Solutions: A training program was designed to specifically address these topics in an open and non-confrontational manner. The process began with interviews with the current non-Saudi head of a new and expanding manufacturing facility, who identified six specific topics he wanted to address. Next, the HR leader for the region offered corporate mission statements regarding diversity and leadership competencies that the head of the facility would introduce at the start of the program. A trainer with more than 20 years’ experience working with leading Saudi organizations was selected to lead the training. Getting a respected trainer was critical since both the topic and the trainer (who is a Western woman) could be seen as “foreign” and not relevant to their situation. The training methodology combined instructor-led facilitation and interactive group activities to draw out and reinforce key learning points. A deliberate informal facilitation style encouraged inclusive participation.
The result of the program was an increased openness to address the diversity issues being faced by the leaders and supervisors at the plant. All of the potentially disruptive topics were discussed openly and with respect for all. The leadership team and supervisors created specific action plans and milestones to be achieved. The success of the program was measured by the positive responses of the Saudi and non-Saudi attendees. In fact, the supervisors wanted to roll out the program to their employees.
OTHER TRAINING EXAMPLES
Here are other examples of recent diversity and cross-cultural interventions:
1. A two-day cross-cultural strategy retreat for executives of a leading European biopharmaceutical company being bought by a major Korean chaebol on how to best integrate the cultures of the two organizations. 2. Customized cross-cultural training for expats going to the U.S., France, Saudi Arabia, and Taiwan. Each family received its own program to address its specific needs. 3. An unconscious bias training for a high-tech company in Malaysia focusing on the hidden aspects that impact successful relationships. Special concern was paid to the systemic differences found in Malaysian society between the three main ethnic groups: Malays, Chinese, and Indians. 4. Training U.S. scientists to work with Japanese scientists on the impact of the atomic bombing of Hiroshima in World War II. This training was meant to help the U.S. scientists understand the cultural underpinnings of Japanese society and workplace relationships to expedite working relationships. 5. Teambuilding for Israeli and American technology teams. While both the Israelis and Americans had the necessary technical skills, their differences in communication styles were leading to mistrust and bad feelings. These common cultural differences were addressed in a non-threatening workshop featuring numerous simulations. 6. Webinar series on working globally for the U.S. unit of a major Dutch chemical company that has a multicultural workforce and client base.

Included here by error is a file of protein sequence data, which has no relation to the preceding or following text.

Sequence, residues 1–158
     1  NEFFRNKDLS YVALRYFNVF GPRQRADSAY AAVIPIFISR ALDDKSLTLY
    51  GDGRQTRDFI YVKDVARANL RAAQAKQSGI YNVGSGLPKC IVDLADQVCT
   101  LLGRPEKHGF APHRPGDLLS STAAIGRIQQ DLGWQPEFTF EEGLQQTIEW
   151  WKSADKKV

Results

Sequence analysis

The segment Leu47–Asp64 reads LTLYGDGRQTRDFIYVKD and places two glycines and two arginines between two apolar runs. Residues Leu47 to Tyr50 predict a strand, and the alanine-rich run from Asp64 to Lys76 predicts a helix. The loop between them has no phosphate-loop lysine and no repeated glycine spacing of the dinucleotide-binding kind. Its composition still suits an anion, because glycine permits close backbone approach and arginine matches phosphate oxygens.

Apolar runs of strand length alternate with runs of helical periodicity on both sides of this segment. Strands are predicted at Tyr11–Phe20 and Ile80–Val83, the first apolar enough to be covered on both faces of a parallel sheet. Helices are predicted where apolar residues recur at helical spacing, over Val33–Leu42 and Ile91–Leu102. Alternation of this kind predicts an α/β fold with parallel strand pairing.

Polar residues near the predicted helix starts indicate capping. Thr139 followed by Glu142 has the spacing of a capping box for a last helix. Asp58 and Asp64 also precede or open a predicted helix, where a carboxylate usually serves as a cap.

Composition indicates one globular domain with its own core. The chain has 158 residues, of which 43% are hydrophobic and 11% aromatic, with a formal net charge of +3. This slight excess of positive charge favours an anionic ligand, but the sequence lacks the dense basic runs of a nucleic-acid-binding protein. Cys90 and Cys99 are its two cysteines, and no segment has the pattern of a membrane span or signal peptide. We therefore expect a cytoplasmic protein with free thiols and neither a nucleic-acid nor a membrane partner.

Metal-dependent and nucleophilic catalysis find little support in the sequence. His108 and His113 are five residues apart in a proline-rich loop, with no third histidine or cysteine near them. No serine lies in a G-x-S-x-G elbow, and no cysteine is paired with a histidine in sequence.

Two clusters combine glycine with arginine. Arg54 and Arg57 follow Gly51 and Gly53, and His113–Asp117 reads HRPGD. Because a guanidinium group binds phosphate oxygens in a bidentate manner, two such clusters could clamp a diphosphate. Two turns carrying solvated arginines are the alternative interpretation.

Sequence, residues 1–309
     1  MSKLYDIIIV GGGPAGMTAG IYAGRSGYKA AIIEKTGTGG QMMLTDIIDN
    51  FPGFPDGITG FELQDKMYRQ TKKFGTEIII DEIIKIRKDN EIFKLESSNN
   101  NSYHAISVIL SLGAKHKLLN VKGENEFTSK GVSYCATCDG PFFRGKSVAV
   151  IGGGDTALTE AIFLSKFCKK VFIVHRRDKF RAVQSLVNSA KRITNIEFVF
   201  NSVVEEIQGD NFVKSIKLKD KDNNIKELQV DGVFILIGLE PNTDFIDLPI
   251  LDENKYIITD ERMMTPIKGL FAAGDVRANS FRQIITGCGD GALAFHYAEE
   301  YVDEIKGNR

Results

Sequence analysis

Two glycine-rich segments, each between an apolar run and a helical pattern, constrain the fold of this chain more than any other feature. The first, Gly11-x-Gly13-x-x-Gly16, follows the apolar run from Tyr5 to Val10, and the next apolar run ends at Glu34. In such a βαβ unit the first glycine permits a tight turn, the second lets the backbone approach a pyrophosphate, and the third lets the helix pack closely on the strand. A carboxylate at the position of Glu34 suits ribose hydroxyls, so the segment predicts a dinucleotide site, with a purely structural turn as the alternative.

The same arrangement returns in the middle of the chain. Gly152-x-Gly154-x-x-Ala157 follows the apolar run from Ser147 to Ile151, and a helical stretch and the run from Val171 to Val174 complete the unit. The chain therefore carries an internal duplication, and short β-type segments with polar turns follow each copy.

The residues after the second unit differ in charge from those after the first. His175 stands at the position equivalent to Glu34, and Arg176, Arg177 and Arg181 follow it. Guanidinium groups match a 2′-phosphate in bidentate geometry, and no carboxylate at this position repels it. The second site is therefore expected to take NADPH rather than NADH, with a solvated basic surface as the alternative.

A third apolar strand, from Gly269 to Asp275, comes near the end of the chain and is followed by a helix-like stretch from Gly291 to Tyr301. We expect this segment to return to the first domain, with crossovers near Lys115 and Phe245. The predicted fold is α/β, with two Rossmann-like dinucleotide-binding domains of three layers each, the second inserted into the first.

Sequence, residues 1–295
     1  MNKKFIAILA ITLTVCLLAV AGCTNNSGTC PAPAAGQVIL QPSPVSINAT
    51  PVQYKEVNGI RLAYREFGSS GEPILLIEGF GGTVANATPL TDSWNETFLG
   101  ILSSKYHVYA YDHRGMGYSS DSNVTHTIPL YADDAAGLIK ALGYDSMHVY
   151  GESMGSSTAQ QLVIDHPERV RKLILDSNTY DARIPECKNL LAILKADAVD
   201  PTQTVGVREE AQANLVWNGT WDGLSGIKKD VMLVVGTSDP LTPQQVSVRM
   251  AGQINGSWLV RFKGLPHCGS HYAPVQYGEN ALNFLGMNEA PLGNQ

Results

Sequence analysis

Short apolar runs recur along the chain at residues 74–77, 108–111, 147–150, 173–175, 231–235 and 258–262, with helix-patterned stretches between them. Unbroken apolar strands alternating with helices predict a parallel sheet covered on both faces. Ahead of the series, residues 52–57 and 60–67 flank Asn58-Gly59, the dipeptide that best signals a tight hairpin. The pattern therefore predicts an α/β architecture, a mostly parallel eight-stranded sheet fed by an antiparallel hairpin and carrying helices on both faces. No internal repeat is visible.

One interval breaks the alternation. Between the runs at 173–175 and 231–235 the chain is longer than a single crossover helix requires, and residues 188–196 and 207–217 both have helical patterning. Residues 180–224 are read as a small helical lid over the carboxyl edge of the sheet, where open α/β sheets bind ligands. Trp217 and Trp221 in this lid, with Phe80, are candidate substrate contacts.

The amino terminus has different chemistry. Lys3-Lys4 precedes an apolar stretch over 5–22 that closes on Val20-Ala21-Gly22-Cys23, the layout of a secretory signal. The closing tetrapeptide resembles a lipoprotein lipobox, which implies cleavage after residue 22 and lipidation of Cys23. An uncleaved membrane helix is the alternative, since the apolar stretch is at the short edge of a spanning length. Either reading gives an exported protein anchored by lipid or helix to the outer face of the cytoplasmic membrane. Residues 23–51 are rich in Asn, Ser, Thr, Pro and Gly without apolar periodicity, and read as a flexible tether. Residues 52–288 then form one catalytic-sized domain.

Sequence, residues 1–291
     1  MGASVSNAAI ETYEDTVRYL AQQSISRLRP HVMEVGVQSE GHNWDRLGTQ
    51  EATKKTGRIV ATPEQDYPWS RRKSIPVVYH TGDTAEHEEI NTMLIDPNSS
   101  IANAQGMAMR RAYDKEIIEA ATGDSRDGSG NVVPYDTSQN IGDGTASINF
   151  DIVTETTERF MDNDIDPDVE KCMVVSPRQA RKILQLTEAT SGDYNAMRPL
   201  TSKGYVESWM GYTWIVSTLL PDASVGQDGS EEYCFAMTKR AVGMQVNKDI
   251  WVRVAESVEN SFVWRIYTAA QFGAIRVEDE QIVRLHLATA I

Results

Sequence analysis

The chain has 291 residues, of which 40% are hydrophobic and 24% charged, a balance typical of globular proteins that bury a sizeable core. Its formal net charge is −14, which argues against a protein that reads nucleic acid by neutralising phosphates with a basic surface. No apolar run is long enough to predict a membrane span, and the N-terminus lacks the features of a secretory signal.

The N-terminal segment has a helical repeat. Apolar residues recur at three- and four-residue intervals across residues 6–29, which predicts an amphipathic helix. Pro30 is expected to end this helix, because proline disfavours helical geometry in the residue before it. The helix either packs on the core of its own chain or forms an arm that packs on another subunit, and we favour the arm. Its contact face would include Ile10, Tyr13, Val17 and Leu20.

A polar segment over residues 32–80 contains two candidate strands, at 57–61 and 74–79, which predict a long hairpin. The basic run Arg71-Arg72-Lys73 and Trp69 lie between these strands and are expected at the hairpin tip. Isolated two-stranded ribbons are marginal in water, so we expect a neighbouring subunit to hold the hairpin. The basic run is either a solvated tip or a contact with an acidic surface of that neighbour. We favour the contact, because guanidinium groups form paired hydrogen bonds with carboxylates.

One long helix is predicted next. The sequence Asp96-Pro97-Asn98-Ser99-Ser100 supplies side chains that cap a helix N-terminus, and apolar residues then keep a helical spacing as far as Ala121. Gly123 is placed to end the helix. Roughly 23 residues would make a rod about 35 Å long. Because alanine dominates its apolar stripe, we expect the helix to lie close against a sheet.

While it may appear that those things that divide us are immutable, the reality is that organizations are seriously addressing these differences in order to build bridges of understanding.
Please share your best practices and challenges when addressing differences with me at: email@example.com.
Neal Goodman, Ph.D., is president of Global Dynamics, Inc., a training and development firm specializing in globalization, cultural intelligence, effective virtual workplaces, and diversity and inclusion. He can be reached at 305.682.7883 and at firstname.lastname@example.org. For more information, visit http://www.globaldynamics.com.